Yesterday before work, I did a quick inspection of the hive. (who am I kidding, it wasn't quick, but at least I didn't kill hundreds of bees)
I try to go into the hive early, at around nine. I am getting more comfortable with the whole thing but still have a smidgen of adrenaline while inspecting. I took my time, use my new beehive tool (the best piece of equipment I could have bought). I spent 25.00 on one initially and it is too wide to fit between the spacer of the top bar and the edge is not sharp enough to cut through the comb attachments. (The tool I love is the backyard hive tool at http://www.backyardhive.com/General/General/BackYardHive_Beekeeping_Shop/)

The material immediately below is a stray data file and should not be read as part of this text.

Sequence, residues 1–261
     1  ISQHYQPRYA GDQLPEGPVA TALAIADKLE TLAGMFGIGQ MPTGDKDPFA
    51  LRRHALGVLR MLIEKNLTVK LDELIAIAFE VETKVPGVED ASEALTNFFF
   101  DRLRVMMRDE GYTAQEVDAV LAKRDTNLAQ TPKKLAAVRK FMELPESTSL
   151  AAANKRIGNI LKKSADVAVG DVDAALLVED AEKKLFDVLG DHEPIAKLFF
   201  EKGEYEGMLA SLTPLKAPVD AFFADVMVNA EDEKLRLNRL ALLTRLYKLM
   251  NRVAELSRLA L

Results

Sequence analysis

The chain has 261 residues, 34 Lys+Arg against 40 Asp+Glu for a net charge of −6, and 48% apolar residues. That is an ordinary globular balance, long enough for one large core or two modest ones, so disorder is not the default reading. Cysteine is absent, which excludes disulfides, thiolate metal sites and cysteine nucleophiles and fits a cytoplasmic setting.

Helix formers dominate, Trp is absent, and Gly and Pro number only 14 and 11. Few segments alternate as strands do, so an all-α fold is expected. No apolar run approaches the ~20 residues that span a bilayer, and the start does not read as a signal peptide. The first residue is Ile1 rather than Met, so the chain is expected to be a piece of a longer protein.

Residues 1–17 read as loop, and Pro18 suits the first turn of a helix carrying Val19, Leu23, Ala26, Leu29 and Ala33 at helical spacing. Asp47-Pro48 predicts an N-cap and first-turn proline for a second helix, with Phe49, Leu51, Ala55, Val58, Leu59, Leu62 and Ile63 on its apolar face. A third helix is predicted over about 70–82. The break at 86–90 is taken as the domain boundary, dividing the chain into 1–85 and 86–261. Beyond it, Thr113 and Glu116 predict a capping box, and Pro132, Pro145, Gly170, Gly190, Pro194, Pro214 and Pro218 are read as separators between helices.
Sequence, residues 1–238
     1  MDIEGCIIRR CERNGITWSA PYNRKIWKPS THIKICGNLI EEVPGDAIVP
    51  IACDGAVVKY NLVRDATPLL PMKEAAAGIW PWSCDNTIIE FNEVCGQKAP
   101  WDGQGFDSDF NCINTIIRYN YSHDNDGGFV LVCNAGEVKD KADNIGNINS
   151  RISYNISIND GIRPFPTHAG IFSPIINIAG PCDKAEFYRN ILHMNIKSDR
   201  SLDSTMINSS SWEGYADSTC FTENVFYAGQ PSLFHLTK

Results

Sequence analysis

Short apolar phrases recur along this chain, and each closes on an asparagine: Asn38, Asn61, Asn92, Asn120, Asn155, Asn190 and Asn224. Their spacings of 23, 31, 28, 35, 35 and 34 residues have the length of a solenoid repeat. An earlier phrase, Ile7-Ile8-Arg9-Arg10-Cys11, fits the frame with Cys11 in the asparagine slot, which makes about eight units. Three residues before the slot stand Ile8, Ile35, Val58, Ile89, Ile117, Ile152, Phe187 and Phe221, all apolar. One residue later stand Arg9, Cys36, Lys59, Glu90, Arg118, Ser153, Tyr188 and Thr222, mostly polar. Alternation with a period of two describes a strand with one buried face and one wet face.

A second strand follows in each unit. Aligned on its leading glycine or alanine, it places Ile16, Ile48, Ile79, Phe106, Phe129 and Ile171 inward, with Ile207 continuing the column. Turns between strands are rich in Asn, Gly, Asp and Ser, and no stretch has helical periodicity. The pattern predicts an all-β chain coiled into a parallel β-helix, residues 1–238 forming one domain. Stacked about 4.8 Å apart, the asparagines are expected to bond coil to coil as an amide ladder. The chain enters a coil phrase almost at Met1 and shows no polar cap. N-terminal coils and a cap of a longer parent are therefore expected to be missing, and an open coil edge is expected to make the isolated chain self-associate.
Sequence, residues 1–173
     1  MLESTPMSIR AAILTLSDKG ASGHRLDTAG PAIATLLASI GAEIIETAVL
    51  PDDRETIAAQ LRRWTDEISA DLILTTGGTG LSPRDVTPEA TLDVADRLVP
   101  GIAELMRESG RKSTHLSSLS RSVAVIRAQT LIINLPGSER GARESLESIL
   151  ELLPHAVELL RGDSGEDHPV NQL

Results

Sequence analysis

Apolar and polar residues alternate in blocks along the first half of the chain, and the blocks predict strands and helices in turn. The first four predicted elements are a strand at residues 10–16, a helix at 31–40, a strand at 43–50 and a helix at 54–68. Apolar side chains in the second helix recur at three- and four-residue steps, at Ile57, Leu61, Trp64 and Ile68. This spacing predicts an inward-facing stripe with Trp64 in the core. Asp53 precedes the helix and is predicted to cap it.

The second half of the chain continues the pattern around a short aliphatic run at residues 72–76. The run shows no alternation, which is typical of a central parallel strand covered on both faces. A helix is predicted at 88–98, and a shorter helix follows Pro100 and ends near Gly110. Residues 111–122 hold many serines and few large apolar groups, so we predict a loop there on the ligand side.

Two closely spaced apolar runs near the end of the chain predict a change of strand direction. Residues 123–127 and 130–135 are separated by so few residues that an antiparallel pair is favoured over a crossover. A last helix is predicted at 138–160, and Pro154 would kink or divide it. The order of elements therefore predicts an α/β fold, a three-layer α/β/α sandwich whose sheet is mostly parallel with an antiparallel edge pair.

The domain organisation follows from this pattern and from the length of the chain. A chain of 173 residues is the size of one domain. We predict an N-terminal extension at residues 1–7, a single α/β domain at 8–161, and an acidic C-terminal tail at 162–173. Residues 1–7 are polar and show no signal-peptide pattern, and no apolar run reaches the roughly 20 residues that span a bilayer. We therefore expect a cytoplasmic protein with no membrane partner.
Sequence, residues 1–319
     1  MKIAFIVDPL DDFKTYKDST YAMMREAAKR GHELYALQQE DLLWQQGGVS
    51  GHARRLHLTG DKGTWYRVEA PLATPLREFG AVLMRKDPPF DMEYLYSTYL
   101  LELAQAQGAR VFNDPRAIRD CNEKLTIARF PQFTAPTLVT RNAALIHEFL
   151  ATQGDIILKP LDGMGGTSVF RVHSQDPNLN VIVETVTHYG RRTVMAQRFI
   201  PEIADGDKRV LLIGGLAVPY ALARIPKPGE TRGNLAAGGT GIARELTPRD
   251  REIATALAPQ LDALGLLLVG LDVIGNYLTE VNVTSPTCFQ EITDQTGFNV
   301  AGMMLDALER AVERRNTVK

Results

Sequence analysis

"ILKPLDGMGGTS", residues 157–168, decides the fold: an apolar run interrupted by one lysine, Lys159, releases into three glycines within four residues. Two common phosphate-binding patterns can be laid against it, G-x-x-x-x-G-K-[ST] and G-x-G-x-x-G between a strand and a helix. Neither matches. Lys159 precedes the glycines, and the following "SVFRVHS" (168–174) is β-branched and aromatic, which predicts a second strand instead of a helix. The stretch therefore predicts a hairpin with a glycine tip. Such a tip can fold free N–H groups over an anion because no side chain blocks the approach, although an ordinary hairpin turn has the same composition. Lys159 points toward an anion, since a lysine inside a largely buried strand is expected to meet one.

I saw brood, so I think I have a healthy queen, I harvested a small bit of comb that was very new with uncapped honey only because it seemed all the rest had brood mixed in at the bottom
of the comb. Corwin, the bee guru from Backyard Hives says if the brood is all down low on the combs, it can be a sign of the hive being hot so they are keeping brood down low,
One of the bars close to then back (a bar which we moved 2 weeks ago) appeared to be old brood comb now with uncapped honey
Those are not larvae above, just the reflection form the camera flash!
I am not sure I did the correct thing, but I want to make more room for brood, they seem pretty crowed and I found more queen cells. I am hoping they don't swarm again, and by making room near (unfortunately I have not gotten next to) the brood comb they will hang around longer.